The IMF warning on cutting the deficit too soon, the MPs' report into the News of the World phone-hacking scandal, schools, prisons and banks.
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The International Monetary Fund has backed Labour’s approach to spending, warning that slashing the deficit before 2011 may lead to a “double-dip” recession. The warning comes in an IMF paper on exit strategies carried out by stricken advanced economies, reports the Telegraph, and “will be characterised as a blow for the Conservative party”, with the fund saying countries risked sparking a potential double-dip in their economies if they start cutting spending and raising taxes too early, emphasising governments and reguators should be careful not to start tightening either monetary or fiscal policy too early. The Guardian describes the report as giving “strong backing” to the government’s ‘wait-and-see’ approach to cutting Britain’s budget deficit, the weakness of growth requiring tax increases and spending cuts to be delayed until next year. The Guardian calls it a “rebuff” to David Cameron’s plans to start repairing the public finances as soon as he comes to power in the event of him winning the election.
The Guardian leads on the select committee report into the conduct of the News of the World, which criticises the tabloid’s “collective amnesia”, “deliberate obfuscation” and “hush money” payouts. There will be relief, however, in Tory circles, with David Cameron’s media chief escaping censure, the report finding “there was no evidence that he knew of phone hacking”, though the report does say “that such hacking took place reveals a serious management failure for which as editor he bore ultimate responsibility, and we believe that he was correct to accept this and resign”. The Sun, meanwhile, claims that the report “was hijacked by Labour MPs for political gain”, and “tried to link the Tories with bullying allegations”. More widely, the report describes the Press Complaints Commission as “toothless”, criticises the reporting of the Madeleine McCann story, and recommends changes to libel law and limits on the use of superinjunctions. Left Foot Forward will have detailed analysis of the report later today.
The Independent reports government plans to give parents a vote on whether struggling schools should be taken over by new owners. The scheme, unveiled by the prime minister yesterday, would force local authorities to conduct a ballot on whether a new organisation should be brought in were a significant number of parents to express dissatisfaction with the present leadership, the new owners having to come from a list of approved providers, including universities, colleges, successful schools and private sponsors. Schools secretary Ed Balls said: “If you are dissatisfied with the progress your local school is making, you will be able to get a new and quality-guaranteed provider.” However the general secretary of teachers’ union Voice, Philip Parkin, told the Indy the scheme would be “impractical and unworkable and would create more bureaucracy”, adding: “The ballot box is not the way to organise a programme of school improvement.”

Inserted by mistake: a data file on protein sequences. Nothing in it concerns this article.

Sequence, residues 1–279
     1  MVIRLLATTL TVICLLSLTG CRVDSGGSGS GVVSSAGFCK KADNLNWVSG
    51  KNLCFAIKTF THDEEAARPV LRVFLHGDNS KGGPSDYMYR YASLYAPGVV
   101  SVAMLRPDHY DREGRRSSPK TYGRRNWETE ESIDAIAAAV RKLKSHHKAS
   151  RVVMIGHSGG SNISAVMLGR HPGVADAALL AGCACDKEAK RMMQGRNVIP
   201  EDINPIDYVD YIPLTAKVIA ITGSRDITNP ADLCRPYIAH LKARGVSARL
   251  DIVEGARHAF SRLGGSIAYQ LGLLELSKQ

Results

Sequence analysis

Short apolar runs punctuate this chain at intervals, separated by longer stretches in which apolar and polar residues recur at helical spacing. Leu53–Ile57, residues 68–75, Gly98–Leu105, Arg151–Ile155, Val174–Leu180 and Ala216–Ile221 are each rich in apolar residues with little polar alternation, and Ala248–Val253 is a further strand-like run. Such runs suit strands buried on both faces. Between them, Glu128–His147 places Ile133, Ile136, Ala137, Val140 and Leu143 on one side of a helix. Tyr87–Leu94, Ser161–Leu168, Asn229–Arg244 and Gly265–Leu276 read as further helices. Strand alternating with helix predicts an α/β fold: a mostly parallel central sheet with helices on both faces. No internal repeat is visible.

The Telegraph reports the Chief Inspector of Prisons Anne Owers’s warning that budget cuts have raised fears that “offenders are released without being fully rehabilitated”. In her final annual report, says the Telegraph, she implies that resource restraints could lead to violent disturbances in jails and warns of “increased instability in a fragile environment” – which could see a return to an overcrowding crisis in future. She says: “The hidden and incremental pressures this produces should not be underestimated … there are two risks: of increased instability in fragile environments and of reducing prisons’ capacity to rehabilitate those they hold.” On Monday Left Foot Forward reported concerns that Tory plans to reduce levels of community sentences could lead to an increase in re-offending.
Finally, The Independent reports Lib Dem Treasury spokesman Vince Cable’s insistence that “banks must do more to help businesses”. He accused them of “denying the facts” and “endangering economic recovery” – though he was keen to stress the Liberal Democrats were not “anti-bank”. Outlining his party’s policy on banks, he said of RBS and Lloyds in particular: “They insist that they are falling over backwards to help their business customers despite all the mass of evidence to the contrary … Most small and medium-sized businesses, however, never indulged in the overleveraged excesses seen in the domestic property market or by major commercial property developers. The problem with the banks’ argument is that there is a fallacy of composition … On the anniversaries of the RBS and Lloyds lending agreements, I challenge Alistair Darling to give a full, public account of what has happened under these legally binding agreements.”
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